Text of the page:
HolonIQ pre-COVID-19, forecast that investment in advanced technology in the education sector would rise seven-fold by 2025. Over the same period, it expects more than 100 education companies to reach a market capitalization greater than $US1 billion. In 2015, there were just 10.
Similarly, Global Education and Training Expenditure is set to reach at least $10 trillion by 2030 as population growth in developing markets fuels a massive expansion and technology drives unprecedented re-skilling and up-skilling in developed economies.
And for K-12 learners in particular, more sustained periods of ‘learn at home’ would require further development of existing classroom-based content capability. For example, work is needed to develop more sophisticated assessment modules and platforms, as well as more advanced tutoring and mentoring applications.
So, could there be a future where students are in the physical classroom only 2 – 3 hours a day with a great deal of learning more personalised and online? “I think that’s an important question,” says Shah, though he concedes that other social systems for children and families would also need to adapt. “Smaller class sizes, more personalized and online learning models could ultimately offer improved student outcomes and better prepare younger students for a working life that will be primarily managed online. As a father of three young children I’d be very supportive of that.”
Sam Shah is Global Head of Services in Macquarie Capital, having joined the organisation in 2016. Sam has significant experience in M&A advisory, capital markets and leveraged financed transactions within the Knowledge and Business Services industries. He joined Macquarie from Credit Suisse, where he held a number of senior leadership including Managing Director and Head of Knowledge Services and Technology. Mr. Shah led franchise coverage at Credit Suisse globally since 2010 and executed on more than 50 transactions including the $350 million IPO of Nord Anglia and the sale of Relias Learning to Bertelsmann.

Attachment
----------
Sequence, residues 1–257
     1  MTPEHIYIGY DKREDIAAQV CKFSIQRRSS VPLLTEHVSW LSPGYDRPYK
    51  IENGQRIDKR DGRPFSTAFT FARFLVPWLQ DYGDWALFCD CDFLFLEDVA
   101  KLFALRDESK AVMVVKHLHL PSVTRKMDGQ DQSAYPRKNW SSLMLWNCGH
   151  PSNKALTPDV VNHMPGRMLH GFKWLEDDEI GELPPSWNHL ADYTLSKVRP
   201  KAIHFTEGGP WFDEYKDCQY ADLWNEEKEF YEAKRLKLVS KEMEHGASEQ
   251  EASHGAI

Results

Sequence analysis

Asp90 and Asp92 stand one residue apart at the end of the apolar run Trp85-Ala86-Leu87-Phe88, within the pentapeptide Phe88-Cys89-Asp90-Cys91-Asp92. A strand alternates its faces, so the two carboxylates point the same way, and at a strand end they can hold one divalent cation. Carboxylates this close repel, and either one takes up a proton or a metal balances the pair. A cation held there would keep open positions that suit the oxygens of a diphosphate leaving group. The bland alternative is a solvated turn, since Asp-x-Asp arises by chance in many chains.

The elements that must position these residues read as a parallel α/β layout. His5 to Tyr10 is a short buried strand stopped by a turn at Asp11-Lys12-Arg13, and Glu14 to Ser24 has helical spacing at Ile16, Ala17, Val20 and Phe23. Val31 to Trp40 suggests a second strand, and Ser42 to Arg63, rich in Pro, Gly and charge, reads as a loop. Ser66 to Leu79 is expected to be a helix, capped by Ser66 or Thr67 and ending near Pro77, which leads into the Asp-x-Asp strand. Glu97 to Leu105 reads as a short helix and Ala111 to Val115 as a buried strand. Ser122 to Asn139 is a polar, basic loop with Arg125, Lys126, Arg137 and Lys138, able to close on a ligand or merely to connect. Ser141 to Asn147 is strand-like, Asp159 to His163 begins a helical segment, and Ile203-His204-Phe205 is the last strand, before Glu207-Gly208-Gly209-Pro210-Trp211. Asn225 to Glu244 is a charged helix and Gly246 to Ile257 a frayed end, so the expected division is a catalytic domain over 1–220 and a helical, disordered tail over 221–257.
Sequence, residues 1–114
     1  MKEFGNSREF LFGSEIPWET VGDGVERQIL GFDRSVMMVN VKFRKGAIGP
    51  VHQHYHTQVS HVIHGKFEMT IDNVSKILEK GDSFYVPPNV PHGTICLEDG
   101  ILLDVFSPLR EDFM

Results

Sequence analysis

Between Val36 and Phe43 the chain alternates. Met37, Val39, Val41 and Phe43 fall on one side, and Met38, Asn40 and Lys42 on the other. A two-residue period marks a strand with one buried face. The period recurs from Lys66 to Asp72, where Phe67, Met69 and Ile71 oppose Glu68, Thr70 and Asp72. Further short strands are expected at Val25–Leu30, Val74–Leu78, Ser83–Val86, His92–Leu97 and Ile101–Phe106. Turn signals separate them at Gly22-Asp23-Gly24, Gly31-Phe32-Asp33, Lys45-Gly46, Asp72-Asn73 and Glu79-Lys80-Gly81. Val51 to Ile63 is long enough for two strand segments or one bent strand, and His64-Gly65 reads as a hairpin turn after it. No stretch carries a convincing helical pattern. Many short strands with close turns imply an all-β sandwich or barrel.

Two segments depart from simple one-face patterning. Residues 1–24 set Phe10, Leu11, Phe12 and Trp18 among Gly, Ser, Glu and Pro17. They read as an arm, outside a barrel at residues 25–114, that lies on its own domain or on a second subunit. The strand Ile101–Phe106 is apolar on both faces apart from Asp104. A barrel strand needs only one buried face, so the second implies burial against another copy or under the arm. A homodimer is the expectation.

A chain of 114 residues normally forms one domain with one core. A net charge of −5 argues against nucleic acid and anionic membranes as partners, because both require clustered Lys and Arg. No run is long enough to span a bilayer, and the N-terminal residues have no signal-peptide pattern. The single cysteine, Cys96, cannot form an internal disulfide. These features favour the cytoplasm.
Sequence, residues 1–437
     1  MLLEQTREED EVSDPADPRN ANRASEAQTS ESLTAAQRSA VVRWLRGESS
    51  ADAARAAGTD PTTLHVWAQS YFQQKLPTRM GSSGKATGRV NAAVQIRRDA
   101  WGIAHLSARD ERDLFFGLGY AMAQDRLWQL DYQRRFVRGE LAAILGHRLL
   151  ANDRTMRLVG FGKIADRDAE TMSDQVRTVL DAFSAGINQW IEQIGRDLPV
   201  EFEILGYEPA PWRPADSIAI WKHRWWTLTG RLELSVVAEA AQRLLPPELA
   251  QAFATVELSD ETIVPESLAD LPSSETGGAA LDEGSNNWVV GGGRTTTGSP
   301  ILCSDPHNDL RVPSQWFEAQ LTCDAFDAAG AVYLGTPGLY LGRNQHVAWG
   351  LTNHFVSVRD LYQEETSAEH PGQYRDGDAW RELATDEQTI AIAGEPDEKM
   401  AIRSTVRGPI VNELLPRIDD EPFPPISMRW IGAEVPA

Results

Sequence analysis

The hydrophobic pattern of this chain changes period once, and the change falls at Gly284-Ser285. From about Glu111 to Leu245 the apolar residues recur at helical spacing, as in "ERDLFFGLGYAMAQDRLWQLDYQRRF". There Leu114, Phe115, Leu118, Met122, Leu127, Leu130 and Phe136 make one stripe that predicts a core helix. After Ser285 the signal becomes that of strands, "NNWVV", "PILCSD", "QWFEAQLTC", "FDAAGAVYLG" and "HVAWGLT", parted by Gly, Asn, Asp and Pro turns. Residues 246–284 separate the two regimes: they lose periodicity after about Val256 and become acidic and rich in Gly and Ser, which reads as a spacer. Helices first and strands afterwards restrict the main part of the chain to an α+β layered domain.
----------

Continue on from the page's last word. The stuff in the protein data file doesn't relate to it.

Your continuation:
Flavia’s day begins when she and her family share a sit-down breakfast at the table which has become a communal eating, working and studying space. Since the outbreak of COVID-19 hit Hong Kong early 2020 the family has been studying and working from home.
After breakfast, her children in primary and secondary school start their day by dialling into a virtual classroom with the rest of their class.
This new normal of education-by-distance has required the family to restructure their lives and workdays around digital schoolwork, submitting homework electronically and interacting with learning modules within a virtual environment. For young children, this has also meant learning the art of self-motivation, discipline and not being tempted to scroll the internet when left unattended.
“There are different challenges during this unusual period but I’m appreciating the time at home as a family. We break for lunch together and it’s nice to connect throughout the day and not to be rushed,” says Flavia.
“A huge benefit to education-by-distance is that my kids have more time to develop their own interests. They now have time to learn new skills, like how to film content, edit and add sound effects. They’re creating their own YouTube channel. In my opinion, this is what a new education model could look like - proactive learning.”
Becoming accustomed to this new way of living has had its challenges but Flavia cites putting in place a tech-enabled routine as a saviour. Setting up routines like daily work calls, virtual classrooms where the children can connect in a virtual group, YouTube workout videos and Face Timing with friends have aided the family to flourish over the last few months.
“We are looking forward to going back to normal, there’s something about physical interaction that can never be replaced by software. But one thing I will retain is dedicated time for proactive online learning, not just for our kids but also for my husband and I.”
Flavia Lieu is a Senior Manager in Macquarie’s Corporate Affairs team. She lives in Hong Kong with her husband and two children.